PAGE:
Quebec election puts cause of separatism on life support
By Randall Palmer and Louise Egan
OTTAWA (Reuters) - With the crushing defeat suffered by the Parti Quebecois (PQ) in Monday's provincial election, Canadians are once again wondering aloud whether voters have finally buried the decades-old nationalist dream of an independent Quebec.
Most Quebec watchers insist that it's too early to write the obituary, pointing out that the sovereignty party has suffered setbacks before. But at best the PQ appears to be on life support, having taken its lowest share of the vote in the predominantly French-speaking province since its first campaign in 1970.
"It is very difficult to figure out how it can actually get to the finish line," University of Montreal political scientist Pierre Martin said.
Anti-separatist Liberals won a convincing majority of seats in the provincial assembly. That means no referendum on independence - a wrenching experience that the province weathered in 1980 and 1995 - for at least four years, and perhaps much longer.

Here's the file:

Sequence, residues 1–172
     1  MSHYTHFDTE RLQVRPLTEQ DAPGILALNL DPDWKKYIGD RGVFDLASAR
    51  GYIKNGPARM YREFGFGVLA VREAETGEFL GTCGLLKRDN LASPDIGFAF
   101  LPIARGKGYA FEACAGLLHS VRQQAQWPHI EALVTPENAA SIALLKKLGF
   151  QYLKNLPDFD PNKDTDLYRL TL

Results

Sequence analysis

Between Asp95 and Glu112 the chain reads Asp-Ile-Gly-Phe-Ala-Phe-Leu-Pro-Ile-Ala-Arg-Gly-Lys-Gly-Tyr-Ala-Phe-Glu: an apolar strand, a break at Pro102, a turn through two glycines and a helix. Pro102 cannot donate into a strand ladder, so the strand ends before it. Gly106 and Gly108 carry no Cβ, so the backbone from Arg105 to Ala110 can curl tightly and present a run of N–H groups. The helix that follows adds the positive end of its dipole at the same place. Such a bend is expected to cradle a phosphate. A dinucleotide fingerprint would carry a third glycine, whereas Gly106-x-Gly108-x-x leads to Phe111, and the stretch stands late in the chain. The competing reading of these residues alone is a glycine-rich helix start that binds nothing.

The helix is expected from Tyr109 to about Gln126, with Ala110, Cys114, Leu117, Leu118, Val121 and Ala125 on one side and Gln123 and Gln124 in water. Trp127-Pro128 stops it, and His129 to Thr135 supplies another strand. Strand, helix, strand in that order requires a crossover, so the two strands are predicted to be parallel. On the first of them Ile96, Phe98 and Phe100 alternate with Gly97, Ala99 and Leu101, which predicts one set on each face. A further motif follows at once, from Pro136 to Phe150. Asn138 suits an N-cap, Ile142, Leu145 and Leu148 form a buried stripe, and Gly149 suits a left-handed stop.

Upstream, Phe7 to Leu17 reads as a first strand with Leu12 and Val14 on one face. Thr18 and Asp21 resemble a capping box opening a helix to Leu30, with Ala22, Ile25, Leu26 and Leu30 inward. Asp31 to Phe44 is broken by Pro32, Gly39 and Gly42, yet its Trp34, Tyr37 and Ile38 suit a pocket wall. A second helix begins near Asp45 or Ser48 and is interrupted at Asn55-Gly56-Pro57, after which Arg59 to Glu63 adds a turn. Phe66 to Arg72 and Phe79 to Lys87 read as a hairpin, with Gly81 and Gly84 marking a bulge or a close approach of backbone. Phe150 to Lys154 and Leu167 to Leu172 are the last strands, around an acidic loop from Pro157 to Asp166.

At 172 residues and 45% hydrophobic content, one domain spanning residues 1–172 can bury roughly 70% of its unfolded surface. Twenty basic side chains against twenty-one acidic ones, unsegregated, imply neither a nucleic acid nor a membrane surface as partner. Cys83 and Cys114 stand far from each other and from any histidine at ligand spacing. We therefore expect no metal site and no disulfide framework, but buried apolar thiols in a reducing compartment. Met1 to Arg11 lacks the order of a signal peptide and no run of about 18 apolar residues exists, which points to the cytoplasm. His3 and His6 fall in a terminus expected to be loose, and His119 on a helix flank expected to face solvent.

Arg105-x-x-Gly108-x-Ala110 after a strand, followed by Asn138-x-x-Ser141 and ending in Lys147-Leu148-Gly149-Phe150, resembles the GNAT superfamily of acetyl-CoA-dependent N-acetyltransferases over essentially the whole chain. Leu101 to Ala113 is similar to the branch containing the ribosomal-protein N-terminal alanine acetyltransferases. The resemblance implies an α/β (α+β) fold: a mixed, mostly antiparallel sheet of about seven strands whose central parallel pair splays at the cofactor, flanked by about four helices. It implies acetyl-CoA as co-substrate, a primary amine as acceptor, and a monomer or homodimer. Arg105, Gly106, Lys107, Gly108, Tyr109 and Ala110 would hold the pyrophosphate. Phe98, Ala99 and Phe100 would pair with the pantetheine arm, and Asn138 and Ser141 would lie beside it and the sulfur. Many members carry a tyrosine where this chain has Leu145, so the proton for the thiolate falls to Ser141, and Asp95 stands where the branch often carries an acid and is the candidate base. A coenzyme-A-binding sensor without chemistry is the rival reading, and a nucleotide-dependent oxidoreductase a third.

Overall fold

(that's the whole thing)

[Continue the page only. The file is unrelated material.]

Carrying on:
That assurance of stability, combined with a more pro-business program than the outgoing Parti Quebecois minority government, should provide an economic fillip for a province that has faced some of Canada's biggest economic challenges.
In recent years, under the PQ government and its Liberal predecessor, Quebec's economy has turned in a lackluster performance, and private-sector job creation has lagged. Its 49 percent ratio of net debt to gross domestic product is the highest of any Canadian province.
REFERENDUM ON A REFERENDUM
Economic issues were not front and center during the campaign. The vote turned into a referendum on a referendum - that is, on whether the PQ would launch a plebiscite on leaving Canada if it won a majority of seats. Continued...